NYT’s “Thank you, thesaurus.”

I’ve been tutoring this middle-school boy in language arts for the past few months. He’s a super smart kid, but only puts forth an effort if he really wants to. For his class’ poetry unit, he wrote a poem called “Stuff and Things.” The product of a mind taking the day off. I feel like too often he settles for the first word he thinks of, instead of searching for the word, so I’ve been looking for ways to expand his vocabulary, and push him to find the right word to express what he’s thinking. Lucky for me, I stumbled upon this great lesson plan, courtesy of the New York Times.

The New York Times is an invaluable resource, for many reasons. Pillar of the journalistic world. Apparently, they are aware of this as well, and have a rather comprehensive blog which gives teachers ideas of how to incorporate their archives in the classroom. Obviously, a lot of their posts focus on the social sciences and current events, but they have a lot of ideas for language arts teachers, too, including this lesson plan on thesaurus use and overwriting.

The warm-up activity features a paragraph from Fitzgerald’s The Great Gatsby placed side-by-side an atrociously overwritten version. Students are asked to evaluate and explain why one is superior to the other, citing specific synonyms and the connotations that go with them. Then the students take their own writing samples and transform them into overwritten tripe. Lots of fun. The goal here is not to pick the easiest word, or even the most impressive word, but the right word. There is even an activity included which utilizes peer editing with thesauri, so students can help each other improve their writing.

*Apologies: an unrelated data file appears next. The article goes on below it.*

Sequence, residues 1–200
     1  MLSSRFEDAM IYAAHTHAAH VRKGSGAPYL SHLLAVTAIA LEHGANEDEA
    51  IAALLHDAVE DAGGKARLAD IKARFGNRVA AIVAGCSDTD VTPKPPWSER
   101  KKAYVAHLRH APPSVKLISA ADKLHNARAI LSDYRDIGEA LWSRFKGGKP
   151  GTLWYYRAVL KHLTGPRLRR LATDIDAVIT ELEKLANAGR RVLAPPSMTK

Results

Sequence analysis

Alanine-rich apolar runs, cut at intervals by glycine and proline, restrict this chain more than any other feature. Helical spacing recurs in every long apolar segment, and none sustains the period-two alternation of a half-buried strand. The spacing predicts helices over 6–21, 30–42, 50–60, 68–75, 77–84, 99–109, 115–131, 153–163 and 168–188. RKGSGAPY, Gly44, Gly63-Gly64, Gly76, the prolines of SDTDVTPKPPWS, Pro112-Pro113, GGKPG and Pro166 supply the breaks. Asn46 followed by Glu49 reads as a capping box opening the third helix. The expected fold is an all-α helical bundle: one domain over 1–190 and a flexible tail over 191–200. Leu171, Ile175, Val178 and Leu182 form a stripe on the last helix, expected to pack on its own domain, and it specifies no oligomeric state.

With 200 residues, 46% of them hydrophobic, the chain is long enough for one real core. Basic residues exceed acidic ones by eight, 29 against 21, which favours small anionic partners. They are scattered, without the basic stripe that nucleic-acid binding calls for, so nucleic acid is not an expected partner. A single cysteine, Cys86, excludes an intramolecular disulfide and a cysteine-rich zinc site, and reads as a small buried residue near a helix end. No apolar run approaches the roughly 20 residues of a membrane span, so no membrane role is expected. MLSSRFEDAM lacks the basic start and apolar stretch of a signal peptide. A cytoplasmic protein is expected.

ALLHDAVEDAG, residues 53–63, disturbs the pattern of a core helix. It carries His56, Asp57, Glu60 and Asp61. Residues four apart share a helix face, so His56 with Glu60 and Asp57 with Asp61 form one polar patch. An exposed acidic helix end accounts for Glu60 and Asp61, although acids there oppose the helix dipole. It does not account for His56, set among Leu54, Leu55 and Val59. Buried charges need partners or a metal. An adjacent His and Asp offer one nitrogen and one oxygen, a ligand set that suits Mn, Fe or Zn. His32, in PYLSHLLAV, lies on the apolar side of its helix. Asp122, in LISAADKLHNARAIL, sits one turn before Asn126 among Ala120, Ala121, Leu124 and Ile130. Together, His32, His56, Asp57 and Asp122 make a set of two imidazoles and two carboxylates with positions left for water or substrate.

You will hear me time and again on this blog push the importance of writing. Although I’m pursuing secondary education in foreign languages, I still think writing, and writing well, is one of the most important skills a student can and should develop. Ok, rant over. Enjoy the link.


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